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Ethan Frome, Edith Wharton

2010/09/23

Whoever thinks that classic literature is boring ought to read more Edith Wharton. This particular novel is short (my Penguin Classics copy was only 99 pages) but packs quite a punch.

The anonymous narrator first hears about Ethan from the people of the town of Starkfield, one of those New England town where everyone knows everything. He becomes acquainted with Ethan after hiring his horse for transportation, and becomes drawn into his story one evening being stranded due to weather. When Ethan was in his twenties, his invalid wife’s orphaned cousin, Mattie Silver, came to live with them and help with the housework. Mattie is “quick to learn, but forgetful and dreamy, and not disposed to take the matter seriously.” Ethan’s wife, Zeena, gripes about Mattie’s lack of domestic skills, but Ethan finds himself defending Mattie, helping her with the household chores, and looking for opportunities to spend time with her. The matter comes to a head when Zeena finally decides that Mattie must leave the household, and Ethan begins plotting ways that he and Mattie can stay together.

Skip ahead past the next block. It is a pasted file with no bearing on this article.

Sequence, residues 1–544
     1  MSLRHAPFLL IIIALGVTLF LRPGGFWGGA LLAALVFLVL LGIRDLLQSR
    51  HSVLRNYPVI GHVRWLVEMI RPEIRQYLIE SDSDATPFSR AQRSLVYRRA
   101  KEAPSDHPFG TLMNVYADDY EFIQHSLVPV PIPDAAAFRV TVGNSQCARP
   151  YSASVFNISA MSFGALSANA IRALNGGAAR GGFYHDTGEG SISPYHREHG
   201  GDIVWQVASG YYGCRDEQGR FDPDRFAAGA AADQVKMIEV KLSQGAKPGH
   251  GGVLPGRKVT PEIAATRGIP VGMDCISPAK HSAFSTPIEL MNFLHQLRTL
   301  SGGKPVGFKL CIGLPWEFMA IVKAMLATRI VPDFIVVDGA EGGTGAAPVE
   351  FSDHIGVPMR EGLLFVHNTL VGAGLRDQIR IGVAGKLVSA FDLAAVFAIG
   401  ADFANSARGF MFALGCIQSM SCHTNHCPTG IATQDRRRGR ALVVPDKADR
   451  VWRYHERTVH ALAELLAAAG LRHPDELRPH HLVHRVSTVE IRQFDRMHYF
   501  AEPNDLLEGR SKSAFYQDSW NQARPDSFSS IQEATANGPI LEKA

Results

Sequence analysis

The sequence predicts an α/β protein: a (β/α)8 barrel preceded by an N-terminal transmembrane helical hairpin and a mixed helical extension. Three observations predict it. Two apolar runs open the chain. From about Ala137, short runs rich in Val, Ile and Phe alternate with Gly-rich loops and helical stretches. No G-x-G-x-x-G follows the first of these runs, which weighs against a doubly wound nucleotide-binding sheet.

It’s amazing that this novel was first published almost a hundred years ago, and yet the plot is still readable and relevant today. Ethan’s struggle with his attraction to Mattie and his detachment from Zeena is similar to the stories related in many modern films and teenage romance novels, though the restraint showed by the couple may baffled contemporary readers. This is a quick read but one that will resonate with the reader long after finishing the novel.

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